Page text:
Reduction in Carbon Uptake During Turn of the Century Drought
Clark University’s Christopher Williams trained as a land surface hydrologist and terrestrial ecosystem ecologist. Clark University’s website reports on his work:
“Chris investigates how earth’s biosphere responds to natural and human perturbations such as severe drought events, bark beetle outbreaks, fires, harvesting, and land cover changes.”
“In normal climate conditions North America absorbs carbon dioxide from the atmosphere, serving as an offset to anthropogenic, or human-produced, carbon emissions. Our study shows how this typical carbon uptake was severely impaired by a large-scale and persistent drought striking western North America from 2000 to 2004.”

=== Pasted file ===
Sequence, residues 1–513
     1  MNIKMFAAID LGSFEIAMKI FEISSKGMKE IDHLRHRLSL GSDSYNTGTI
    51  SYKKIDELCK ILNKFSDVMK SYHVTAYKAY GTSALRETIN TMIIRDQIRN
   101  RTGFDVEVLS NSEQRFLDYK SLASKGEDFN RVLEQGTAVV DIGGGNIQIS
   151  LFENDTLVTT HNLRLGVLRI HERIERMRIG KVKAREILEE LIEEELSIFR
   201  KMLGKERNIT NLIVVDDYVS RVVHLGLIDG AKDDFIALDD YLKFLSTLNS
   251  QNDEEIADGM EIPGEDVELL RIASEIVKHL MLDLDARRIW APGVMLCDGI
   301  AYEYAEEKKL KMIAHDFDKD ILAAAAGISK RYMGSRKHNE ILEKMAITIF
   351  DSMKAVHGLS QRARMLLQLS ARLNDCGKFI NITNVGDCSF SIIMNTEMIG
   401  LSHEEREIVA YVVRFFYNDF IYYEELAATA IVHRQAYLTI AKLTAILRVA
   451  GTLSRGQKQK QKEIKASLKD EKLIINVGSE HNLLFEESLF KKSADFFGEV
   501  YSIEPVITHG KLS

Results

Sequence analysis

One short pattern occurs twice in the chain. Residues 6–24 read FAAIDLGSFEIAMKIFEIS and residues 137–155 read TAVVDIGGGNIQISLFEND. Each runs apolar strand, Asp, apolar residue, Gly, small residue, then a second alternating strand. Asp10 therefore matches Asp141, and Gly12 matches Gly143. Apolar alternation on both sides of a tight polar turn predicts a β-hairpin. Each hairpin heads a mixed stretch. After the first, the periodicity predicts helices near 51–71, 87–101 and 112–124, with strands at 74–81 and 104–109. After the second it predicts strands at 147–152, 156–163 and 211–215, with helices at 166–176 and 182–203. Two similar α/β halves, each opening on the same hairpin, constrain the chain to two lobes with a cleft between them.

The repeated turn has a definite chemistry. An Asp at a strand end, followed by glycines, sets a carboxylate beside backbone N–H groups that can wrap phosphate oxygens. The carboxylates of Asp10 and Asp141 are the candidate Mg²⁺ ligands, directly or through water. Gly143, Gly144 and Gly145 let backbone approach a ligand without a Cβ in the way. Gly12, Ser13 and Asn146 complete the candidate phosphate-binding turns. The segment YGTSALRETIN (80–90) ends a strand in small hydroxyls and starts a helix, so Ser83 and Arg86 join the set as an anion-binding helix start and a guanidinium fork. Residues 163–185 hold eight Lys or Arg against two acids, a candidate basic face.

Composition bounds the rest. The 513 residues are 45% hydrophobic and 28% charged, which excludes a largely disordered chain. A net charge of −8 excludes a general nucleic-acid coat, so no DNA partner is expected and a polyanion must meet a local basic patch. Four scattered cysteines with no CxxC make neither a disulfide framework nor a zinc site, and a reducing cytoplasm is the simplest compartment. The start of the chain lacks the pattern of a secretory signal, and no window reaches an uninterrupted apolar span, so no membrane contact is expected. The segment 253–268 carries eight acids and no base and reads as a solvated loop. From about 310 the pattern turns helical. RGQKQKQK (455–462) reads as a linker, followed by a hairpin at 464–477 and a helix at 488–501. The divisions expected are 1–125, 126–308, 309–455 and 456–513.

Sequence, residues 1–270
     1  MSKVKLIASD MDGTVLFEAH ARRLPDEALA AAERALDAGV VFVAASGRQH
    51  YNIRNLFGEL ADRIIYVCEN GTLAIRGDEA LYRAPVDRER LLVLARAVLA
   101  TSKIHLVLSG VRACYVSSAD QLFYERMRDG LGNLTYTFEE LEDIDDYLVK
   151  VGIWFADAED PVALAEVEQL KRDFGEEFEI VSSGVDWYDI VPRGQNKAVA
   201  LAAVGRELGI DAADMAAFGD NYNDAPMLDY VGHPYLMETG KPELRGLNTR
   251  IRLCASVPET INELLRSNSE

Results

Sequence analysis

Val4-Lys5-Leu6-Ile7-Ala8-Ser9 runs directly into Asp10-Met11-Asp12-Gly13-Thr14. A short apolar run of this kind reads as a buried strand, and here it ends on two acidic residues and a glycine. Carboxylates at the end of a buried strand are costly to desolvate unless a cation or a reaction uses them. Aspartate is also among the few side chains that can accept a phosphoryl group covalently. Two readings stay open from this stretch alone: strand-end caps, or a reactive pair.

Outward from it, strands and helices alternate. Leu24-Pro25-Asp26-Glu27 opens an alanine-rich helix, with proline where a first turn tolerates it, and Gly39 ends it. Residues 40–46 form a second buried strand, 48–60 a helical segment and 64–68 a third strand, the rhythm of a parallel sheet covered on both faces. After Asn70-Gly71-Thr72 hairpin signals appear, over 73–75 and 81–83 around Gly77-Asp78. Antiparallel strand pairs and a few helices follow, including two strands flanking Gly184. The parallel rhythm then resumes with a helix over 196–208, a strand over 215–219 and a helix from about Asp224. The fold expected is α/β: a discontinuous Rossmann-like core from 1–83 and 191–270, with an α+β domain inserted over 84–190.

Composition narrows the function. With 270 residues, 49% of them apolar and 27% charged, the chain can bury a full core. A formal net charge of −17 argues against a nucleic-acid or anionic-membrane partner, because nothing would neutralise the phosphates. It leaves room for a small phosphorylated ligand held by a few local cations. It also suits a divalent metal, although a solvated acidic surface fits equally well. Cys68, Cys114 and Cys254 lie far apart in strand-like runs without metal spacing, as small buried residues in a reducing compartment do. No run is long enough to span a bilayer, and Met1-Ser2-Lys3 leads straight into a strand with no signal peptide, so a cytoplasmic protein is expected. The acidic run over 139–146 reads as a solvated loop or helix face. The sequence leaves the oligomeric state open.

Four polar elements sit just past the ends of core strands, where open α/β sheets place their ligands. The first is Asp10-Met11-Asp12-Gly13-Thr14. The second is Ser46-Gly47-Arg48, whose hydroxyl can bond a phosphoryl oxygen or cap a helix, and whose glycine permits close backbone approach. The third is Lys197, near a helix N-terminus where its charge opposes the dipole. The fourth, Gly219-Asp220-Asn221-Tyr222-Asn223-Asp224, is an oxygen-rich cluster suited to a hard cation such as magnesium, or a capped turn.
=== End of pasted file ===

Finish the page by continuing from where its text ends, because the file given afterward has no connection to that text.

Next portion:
Williams noted, “The event was truly extreme, not only relative to the climate of recent decades but also when compared to climate reconstructed over the past 1000 years. Those longer-term records indicate that the 2000 to 2004 drought was the most severe region-wide event of its kind in the past 800 years.”
Williams added that climate models are pointing to a continued trend toward a warmer planet. Global circulation patterns are expected to shift in a way that would create drier conditions across western North America, expanding the region that is already chronically dry and making today’s drought conditions the new normal. If this comes to pass, he said, not only would carbon uptake be severely reduced, it also would trigger a whole host of significant water resource challenges, especially difficult for a region already subject to frequent water shortages.